Will Do Not Track legislation hurt small businesses?
Just when it seemed Democrats and Republicans couldn't get along, a recent spate of bills has them working together. The bills deal with behavioral tracking, which is used by advertising networks to monitor people's online behavior. The networks use the data to tailor ads to people's interests.
Some of these bills explicitly propose so-called Do Not Track measures, which would let consumers turn off online behavioral tracking by clicking a button. This legislation would hurt businesses, says Mike Zaneis, senior vice president of the Interactive Advertising Bureau, a trade group for online advertisers. "If you have a big, red button on the browser that says do not track, of course people will press it," he says.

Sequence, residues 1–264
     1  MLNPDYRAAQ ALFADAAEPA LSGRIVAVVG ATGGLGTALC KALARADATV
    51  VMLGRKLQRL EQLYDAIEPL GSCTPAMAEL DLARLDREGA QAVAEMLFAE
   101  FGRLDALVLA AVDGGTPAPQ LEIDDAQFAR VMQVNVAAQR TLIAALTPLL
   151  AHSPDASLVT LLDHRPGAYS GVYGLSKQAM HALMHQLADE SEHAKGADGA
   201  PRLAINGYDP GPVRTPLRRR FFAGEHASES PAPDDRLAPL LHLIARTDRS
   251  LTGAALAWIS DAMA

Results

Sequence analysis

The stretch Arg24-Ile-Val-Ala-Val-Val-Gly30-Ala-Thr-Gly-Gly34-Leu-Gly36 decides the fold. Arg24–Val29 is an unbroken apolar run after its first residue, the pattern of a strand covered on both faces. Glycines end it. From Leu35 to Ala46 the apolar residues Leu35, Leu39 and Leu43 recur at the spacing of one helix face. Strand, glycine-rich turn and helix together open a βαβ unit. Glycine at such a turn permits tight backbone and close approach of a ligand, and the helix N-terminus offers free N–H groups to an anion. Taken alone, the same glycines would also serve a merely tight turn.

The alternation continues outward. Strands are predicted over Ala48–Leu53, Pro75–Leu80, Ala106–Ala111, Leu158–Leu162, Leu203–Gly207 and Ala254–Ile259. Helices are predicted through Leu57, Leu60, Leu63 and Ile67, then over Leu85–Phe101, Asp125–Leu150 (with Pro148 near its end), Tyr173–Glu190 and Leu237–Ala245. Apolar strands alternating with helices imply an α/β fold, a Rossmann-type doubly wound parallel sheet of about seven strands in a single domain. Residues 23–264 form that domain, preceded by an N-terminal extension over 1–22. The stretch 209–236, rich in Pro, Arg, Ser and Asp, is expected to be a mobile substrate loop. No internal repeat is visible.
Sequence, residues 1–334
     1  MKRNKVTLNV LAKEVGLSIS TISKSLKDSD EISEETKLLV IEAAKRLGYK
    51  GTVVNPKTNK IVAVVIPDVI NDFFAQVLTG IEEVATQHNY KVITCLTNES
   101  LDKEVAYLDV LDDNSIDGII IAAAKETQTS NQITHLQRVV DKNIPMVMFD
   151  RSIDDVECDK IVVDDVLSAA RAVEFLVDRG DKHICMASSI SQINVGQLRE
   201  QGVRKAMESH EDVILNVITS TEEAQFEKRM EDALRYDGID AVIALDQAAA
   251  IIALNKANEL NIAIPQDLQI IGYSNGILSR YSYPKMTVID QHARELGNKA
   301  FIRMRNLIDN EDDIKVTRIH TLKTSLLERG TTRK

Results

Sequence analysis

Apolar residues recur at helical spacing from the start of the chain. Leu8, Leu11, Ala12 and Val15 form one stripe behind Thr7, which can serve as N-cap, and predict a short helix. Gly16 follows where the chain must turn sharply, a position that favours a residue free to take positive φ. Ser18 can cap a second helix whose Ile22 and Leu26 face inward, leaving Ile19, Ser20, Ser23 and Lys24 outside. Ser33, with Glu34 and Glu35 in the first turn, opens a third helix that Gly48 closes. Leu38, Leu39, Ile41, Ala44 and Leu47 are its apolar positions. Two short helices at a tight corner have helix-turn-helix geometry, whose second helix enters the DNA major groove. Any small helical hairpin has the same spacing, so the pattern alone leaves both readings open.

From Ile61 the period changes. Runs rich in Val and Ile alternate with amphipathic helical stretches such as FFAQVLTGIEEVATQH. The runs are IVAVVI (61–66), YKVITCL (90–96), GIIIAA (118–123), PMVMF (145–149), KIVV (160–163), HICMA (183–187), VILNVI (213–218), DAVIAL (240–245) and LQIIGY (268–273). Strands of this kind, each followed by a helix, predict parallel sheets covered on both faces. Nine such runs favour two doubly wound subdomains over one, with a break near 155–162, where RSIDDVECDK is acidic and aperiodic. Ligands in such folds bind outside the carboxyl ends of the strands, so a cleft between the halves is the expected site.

Some entrepreneurs agree. "It's a huge part of our ad spend," says Scott Jordan, founder of Scottevest, a Ketchum, Idaho-based company that makes travel clothing. "It would affect us significantly." Policymakers, however, point out that behavioral tracking accounts for just 5 percent of all online ad spending.
With legislation looming, the online ad industry has recently taken steps to address privacy concerns. Billions of ads now include an AdChoices link that lets consumers opt out of tracking. Zaneis is urging ad networks to participate in programs like AdChoices and says business owners should think twice about working with those that haven't.
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